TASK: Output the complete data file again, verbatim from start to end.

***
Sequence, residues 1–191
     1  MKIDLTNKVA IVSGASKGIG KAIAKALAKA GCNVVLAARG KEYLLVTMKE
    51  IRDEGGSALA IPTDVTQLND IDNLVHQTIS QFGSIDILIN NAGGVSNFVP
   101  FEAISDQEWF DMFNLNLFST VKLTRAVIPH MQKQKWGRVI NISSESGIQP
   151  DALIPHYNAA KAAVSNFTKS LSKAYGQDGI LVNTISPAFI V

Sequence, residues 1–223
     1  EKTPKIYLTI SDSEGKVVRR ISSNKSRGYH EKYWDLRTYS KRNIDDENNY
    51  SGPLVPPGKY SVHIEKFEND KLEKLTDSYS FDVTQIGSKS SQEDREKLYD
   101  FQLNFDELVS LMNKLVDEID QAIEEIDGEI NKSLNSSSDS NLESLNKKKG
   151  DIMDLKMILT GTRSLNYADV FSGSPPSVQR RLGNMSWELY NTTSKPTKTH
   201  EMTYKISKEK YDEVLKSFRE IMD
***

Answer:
Sequence, residues 1–191
     1  MKIDLTNKVA IVSGASKGIG KAIAKALAKA GCNVVLAARG KEYLLVTMKE
    51  IRDEGGSALA IPTDVTQLND IDNLVHQTIS QFGSIDILIN NAGGVSNFVP
   101  FEAISDQEWF DMFNLNLFST VKLTRAVIPH MQKQKWGRVI NISSESGIQP
   151  DALIPHYNAA KAAVSNFTKS LSKAYGQDGI LVNTISPAFI V

Sequence, residues 1–223
     1  EKTPKIYLTI SDSEGKVVRR ISSNKSRGYH EKYWDLRTYS KRNIDDENNY
    51  SGPLVPPGKY SVHIEKFEND KLEKLTDSYS FDVTQIGSKS SQEDREKLYD
   101  FQLNFDELVS LMNKLVDEID QAIEEIDGEI NKSLNSSSDS NLESLNKKKG
   151  DIMDLKMILT GTRSLNYADV FSGSPPSVQR RLGNMSWELY NTTSKPTKTH
   201  EMTYKISKEK YDEVLKSFRE IMD